Jazz guru Ruth discusses the value of hum ility
I wouldn't describe myself as a session musician, because I don't do
a lot of one-off studio recordings, but I'm definitely part of a lot of
different bands. An important prerequisite for any musician is to
be calm, straightforward and reasonable. A lot of artists can be very
eccentric and seem to think that their art is the most important thing
in the world. Of course, approaching your art with confidence is a
good thing, especially in today's competitive world where it seems
that almost everyone is an artist, but it's crucial to realise that you're
not the only one with a
creative output. Every
musician has something to
say, and everyone's art is
equally valuable. This is a
sensitive issue and, in my
eyes at least, not discussed
enough between artists.
Situations vary from band
to band, of course: in some
groups you take on the
role of a session musician,
meaning that the music
is pretty much set and
you're there to execute it
in a live situation; other
bands require more artistic
input, but are still led by
one individual. The latter
situations are the trickiest,
because as soon as you
supply a certain amount of
creative input, the project
becomes a little bit yours as well. However, you're not really involved
in the final decision-making - which can be frustrating! Then you
have projects which are collaborative, where everybody has an
equal say on everything. As much as I like those situations (and I
am in a couple of bands like that, where we work well together), it
can be difficult to get anything done, because you need everybody's
approval on all issues. And with most musicians having a very strong
idea of what they want, compromise is difficult to achieve. The final
situation, then, is having your own band and making all the decisions.
As much as that means creative freedom, it also means a lot more
work, because you have to do everything by yourself. I definitively
think it's good to experience all these different dynamics, because
they not only teach you about playing different styles and becoming
quick at learning new sets of music, but also about dealing with
different personalities - sometimes in quite stressful situations.
Trivium bassist Paolo studies band psychology
I've always been fascinated by the make-up of bands. W ith each
group comes a different dynamic between players and writers. The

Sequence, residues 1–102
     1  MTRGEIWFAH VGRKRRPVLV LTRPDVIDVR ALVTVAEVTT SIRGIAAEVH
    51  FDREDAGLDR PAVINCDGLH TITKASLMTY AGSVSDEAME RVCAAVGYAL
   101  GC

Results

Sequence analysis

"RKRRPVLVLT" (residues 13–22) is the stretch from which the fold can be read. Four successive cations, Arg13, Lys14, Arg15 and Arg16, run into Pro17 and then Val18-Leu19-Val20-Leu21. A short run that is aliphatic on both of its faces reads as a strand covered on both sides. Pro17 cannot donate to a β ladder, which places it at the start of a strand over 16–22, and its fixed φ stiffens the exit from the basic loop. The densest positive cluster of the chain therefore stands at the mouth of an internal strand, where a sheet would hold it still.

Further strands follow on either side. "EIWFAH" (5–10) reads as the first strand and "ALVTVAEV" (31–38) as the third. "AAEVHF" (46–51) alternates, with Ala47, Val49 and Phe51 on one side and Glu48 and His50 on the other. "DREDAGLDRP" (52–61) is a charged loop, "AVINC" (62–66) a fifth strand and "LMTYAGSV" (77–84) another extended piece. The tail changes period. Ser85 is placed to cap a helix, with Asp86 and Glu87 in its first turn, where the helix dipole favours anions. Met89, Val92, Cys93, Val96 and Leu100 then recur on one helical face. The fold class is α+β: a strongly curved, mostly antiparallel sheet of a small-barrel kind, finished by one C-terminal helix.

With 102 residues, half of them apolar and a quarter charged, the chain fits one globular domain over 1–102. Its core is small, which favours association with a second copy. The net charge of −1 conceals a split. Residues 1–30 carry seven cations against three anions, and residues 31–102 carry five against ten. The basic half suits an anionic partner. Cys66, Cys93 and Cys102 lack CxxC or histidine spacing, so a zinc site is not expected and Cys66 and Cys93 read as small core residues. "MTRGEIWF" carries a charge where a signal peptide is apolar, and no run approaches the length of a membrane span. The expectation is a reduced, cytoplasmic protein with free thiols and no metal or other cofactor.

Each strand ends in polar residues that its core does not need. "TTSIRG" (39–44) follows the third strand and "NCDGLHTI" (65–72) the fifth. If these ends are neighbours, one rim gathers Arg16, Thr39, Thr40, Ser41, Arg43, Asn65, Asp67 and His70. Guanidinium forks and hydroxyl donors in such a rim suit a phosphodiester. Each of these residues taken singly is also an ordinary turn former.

identity and sound come from how those members interact in the
studio and live, it's the magic that makes those special records. Often if
you take out an integral piece it will not be the same. Yet sometimes it
gets better in a totally unforeseen way, and the rest is history. Looking
at the way that Trivium has grown as a band, I think initially it was
the more traditional setup of a band leader with contributing band-
members. Matt Heafy, as the lead singer, will always be the figurehead
to the public, and I think it's important to have a defined centrepiece to
a group, but we have changed dramatically behind the scenes. I think
the writing is where we have altered the most.
We write as a three-piece, and not to discount the drumming side
of the creative process, but the initial ideas begin with Matt, Corey
Beaulieu, or me. From writing nothing on the
album to
almost 60 per cent of some of our last few records, my role has changed
the most dramatically. I believe that all of us allowing each other to
grow and create has spawned some incredible ideas. We expect a
certain level of quality in each other's music, and we respect that each
of us brings in something unique to our sound.
Some writers are just so talented that it's undeniable. The success
of a band with a central figure comes down to them delegating
responsibilities. I view a guy like Bruce Springsteen as a great example.
He is the main writer and leader without a doubt, but it's his ability
to see the benefit of letting the E Street band members shine in his
songs, highlighting their talents, that makes him great. It's important to
understand the role you play in a band. Excelling at what you do best
will serve the music more than interjecting yourself into an aspect of
the music where you are not as strong. This seems to be the biggest
area of contention for bands - the idea of getting fair credit, or having a
chance to prove you can write, sing, or play just as well as the next guy.
Being in a rock band is like walking on the edge of a cliff and hoping
the ground doesn't give out beneath you - but understanding the
personalities in your group can help to keep the ground stable beneath
your feet.
© Scott Uchida
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